Public health practitioners and tobacco control advocates agree that pre-emption (a higher level of government stripping lower levels of government of their authority over a specific subject matter) has an adverse impact on tobacco control efforts. Pre-emptive state laws may prohibit local tobacco control measures, such as restrictions on marketing and promotion of tobacco products, licensure of tobacco products, smoking in public or private sites, and on youth access to tobacco products. These laws prevent local governments from taking action to protect residents from the well-documented dangers of tobacco use and secondhand smoke exposure.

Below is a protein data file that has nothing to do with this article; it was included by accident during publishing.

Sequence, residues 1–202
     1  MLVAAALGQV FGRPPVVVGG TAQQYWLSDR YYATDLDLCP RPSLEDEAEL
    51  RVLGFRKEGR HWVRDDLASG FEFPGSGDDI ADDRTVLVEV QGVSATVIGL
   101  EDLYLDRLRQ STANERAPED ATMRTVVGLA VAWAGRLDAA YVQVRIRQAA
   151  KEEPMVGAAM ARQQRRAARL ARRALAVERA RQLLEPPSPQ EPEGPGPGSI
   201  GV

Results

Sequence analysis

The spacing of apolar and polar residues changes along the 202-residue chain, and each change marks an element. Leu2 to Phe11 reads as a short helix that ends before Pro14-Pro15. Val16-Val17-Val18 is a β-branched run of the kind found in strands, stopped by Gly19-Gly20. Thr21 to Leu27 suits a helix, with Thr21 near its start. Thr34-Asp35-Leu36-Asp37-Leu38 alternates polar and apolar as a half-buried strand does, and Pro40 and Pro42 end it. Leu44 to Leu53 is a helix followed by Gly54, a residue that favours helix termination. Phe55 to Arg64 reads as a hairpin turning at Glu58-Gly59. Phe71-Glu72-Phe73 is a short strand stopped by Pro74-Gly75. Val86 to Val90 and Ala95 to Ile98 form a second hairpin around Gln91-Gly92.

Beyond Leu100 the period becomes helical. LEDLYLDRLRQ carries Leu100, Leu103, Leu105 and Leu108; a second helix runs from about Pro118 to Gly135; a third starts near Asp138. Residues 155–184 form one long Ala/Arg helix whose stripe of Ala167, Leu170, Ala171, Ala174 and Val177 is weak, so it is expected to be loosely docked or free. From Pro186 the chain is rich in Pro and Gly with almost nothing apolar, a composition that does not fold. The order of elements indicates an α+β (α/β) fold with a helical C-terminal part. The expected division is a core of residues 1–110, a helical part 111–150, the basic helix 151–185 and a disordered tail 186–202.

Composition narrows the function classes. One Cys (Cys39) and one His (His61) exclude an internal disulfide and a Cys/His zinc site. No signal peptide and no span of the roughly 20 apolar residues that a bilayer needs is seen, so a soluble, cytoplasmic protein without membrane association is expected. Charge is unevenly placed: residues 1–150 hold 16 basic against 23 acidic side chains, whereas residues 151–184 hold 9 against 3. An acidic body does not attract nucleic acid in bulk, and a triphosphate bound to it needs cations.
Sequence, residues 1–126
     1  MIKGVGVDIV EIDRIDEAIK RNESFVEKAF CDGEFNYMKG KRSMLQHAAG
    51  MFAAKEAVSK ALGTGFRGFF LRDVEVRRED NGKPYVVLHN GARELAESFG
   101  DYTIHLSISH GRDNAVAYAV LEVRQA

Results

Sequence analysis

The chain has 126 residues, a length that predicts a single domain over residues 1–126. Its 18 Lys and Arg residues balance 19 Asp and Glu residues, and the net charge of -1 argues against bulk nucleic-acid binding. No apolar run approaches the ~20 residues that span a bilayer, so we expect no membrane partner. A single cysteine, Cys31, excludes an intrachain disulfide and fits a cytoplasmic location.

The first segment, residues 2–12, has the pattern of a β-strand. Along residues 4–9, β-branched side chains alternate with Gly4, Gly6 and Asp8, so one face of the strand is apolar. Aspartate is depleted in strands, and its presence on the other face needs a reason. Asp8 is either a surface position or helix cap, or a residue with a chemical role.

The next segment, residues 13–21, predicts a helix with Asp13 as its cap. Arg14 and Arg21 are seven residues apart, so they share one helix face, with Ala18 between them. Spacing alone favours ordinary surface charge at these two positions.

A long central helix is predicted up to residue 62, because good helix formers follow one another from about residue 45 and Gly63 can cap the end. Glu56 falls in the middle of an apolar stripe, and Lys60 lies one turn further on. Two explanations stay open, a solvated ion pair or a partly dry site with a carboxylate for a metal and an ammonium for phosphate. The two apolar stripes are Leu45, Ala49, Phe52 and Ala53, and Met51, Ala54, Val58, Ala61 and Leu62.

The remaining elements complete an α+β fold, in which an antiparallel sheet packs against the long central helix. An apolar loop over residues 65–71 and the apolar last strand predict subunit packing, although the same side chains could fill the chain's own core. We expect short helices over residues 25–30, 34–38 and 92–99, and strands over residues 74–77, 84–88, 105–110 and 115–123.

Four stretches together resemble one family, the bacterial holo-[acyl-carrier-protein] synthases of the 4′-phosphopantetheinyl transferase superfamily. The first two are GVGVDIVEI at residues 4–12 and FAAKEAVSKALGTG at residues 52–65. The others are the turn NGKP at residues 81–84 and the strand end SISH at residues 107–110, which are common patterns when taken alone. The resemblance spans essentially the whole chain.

To raise awareness of the risks created by state pre-emption laws on tobacco control, the research team will examine the enactment or repeal of various tobacco control state pre-emption laws between 1997 and 2017 to determine whether these laws are associated with changes in the county-level smoking prevalence among adolescents and adults, as well as the sales of tobacco products. The team will also examine whether majority-minority counties are disproportionately impacted by state pre-emption laws, potentially exacerbating health disparities.